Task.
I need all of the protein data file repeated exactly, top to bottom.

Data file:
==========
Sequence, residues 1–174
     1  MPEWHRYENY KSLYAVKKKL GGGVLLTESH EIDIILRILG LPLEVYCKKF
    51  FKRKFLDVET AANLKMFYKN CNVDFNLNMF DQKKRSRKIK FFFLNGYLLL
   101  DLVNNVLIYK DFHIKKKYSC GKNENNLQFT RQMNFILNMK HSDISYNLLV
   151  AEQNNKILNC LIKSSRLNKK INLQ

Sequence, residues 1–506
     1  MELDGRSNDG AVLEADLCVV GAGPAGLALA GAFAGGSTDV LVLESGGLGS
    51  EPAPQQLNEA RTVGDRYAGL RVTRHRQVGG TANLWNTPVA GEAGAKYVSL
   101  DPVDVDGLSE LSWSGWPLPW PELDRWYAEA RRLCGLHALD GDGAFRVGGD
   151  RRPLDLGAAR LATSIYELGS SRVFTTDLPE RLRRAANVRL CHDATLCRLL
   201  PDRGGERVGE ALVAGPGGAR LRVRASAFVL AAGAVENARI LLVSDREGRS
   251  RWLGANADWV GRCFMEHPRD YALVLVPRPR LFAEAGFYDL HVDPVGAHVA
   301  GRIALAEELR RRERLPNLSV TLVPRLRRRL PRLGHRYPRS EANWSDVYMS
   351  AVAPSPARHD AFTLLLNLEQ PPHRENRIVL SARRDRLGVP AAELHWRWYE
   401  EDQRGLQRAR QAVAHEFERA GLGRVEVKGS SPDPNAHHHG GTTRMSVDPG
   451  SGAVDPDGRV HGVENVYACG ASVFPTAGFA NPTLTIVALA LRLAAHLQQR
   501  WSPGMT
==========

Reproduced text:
Sequence, residues 1–174
     1  MPEWHRYENY KSLYAVKKKL GGGVLLTESH EIDIILRILG LPLEVYCKKF
    51  FKRKFLDVET AANLKMFYKN CNVDFNLNMF DQKKRSRKIK FFFLNGYLLL
   101  DLVNNVLIYK DFHIKKKYSC GKNENNLQFT RQMNFILNMK HSDISYNLLV
   151  AEQNNKILNC LIKSSRLNKK INLQ

Sequence, residues 1–506
     1  MELDGRSNDG AVLEADLCVV GAGPAGLALA GAFAGGSTDV LVLESGGLGS
    51  EPAPQQLNEA RTVGDRYAGL RVTRHRQVGG TANLWNTPVA GEAGAKYVSL
   101  DPVDVDGLSE LSWSGWPLPW PELDRWYAEA RRLCGLHALD GDGAFRVGGD
   151  RRPLDLGAAR LATSIYELGS SRVFTTDLPE RLRRAANVRL CHDATLCRLL
   201  PDRGGERVGE ALVAGPGGAR LRVRASAFVL AAGAVENARI LLVSDREGRS
   251  RWLGANADWV GRCFMEHPRD YALVLVPRPR LFAEAGFYDL HVDPVGAHVA
   301  GRIALAEELR RRERLPNLSV TLVPRLRRRL PRLGHRYPRS EANWSDVYMS
   351  AVAPSPARHD AFTLLLNLEQ PPHRENRIVL SARRDRLGVP AAELHWRWYE
   401  EDQRGLQRAR QAVAHEFERA GLGRVEVKGS SPDPNAHHHG GTTRMSVDPG
   451  SGAVDPDGRV HGVENVYACG ASVFPTAGFA NPTLTIVALA LRLAAHLQQR
   501  WSPGMT